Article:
YOUR COLUMNIST DECIDED to test his fate and went to watch a movie after an interregnum of eight months. The theatre, a multiplex in a Mumbai suburb, looked like a ghost town. The cinema hall had only alternate seats occupied, the middle one being kept vacant to ward off the virus though the efficacy of that seemed somewhat suspect given that the distance between the next human still wasn’t six feet. But, Mumbai has about 700-odd cases daily now and in a population of 2 crore. that seemed like fairly decent odds. This was the first time that the theatres were hosting a movie of any commercial substance and so it was going to be a portend of the fate of entertainment until the vaccine got around to enough people. Alas, the portend was not sanguine, because even though Tenet, Christopher Nolan’s latest opus, had had the aura to take on Covid and get away with it, it quickly ran out of air.
The movie has flopped elsewhere where it released earlier and going by the numbers in the theatre that day, it didn’t seem like India would be much different. In any case, at only 50 per cent seats to begin with, the box-office takings are halved from the starting point. This would more or less make any Bollywood big-budget fare untenable. It would be a surprise to see any of the three Khans come out with a movie unless they thought of getting a decent shot of at least Rs 200 crore, and that doesn’t look like it can happen. Perhaps the fear will come down. Perhaps as people see other people go for movies and not dry coughing the next day, they might take a cautious step too. But will any filmmaker really take a chance on probability when there are hundreds of crores riding on the decision?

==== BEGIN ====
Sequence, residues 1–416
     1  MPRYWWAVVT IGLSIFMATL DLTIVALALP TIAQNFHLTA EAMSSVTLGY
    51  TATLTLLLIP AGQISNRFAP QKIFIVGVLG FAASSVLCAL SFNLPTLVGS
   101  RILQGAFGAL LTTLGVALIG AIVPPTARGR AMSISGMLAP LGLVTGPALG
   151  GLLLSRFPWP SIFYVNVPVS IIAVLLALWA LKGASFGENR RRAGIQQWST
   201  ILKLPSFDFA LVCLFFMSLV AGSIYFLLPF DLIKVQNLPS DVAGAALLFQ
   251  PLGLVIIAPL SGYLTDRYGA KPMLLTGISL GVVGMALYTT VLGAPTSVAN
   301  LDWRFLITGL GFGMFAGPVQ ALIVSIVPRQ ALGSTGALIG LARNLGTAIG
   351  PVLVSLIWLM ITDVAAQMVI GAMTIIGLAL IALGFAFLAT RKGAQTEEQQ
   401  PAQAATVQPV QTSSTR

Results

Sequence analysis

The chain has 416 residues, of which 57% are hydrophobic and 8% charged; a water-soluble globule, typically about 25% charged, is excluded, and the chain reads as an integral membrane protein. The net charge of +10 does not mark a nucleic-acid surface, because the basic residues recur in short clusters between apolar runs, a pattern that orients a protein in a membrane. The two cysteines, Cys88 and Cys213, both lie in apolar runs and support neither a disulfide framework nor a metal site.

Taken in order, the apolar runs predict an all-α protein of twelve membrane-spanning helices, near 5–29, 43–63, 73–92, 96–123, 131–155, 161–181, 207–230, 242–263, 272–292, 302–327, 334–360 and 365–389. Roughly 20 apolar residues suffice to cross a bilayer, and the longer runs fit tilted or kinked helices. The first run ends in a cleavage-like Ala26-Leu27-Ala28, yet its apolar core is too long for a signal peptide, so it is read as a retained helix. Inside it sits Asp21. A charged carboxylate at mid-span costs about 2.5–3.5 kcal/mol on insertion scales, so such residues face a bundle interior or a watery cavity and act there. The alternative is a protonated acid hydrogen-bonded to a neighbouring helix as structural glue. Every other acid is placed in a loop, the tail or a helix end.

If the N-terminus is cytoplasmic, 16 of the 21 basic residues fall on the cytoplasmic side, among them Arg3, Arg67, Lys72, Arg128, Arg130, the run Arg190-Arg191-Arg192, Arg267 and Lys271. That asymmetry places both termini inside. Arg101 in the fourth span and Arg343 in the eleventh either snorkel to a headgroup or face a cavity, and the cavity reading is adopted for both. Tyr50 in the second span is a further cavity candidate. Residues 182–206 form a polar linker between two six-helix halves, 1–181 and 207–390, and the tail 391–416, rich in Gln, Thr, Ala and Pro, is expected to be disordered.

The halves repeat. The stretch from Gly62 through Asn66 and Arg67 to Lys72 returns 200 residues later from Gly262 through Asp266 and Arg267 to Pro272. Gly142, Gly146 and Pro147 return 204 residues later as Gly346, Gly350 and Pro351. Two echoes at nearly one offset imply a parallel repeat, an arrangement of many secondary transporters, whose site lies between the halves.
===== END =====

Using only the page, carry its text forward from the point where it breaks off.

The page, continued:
Some of Tenet’s debacle is because of Tenet. The fundamental crux of the story is too dense unless you have a Master’s in Physics. And while you can enjoy the visual grandeur, there is always that lurking feeling that a percentage of your movie ticket is not getting its worth. The writing tries to be clever but is not clever enough. What you are left with is only spectacle and that might not be enough considering the risk associated with being there.
It is, therefore, unfortunate that the waters of entertainment’s immediate future were tested with Tenet. There needs to be something spectacularly successful for the sector to feel like it can breathe again. And right now, it is still gasping.
The movie had an interval which was almost 20 minutes long.
This was because no food could be taken inside the hall, only in the lobby. That might also be to prop up food and beverages sales. But considering the empty queues at the counters, that is not working either. After all, to eat or drink, one has to let the mask down.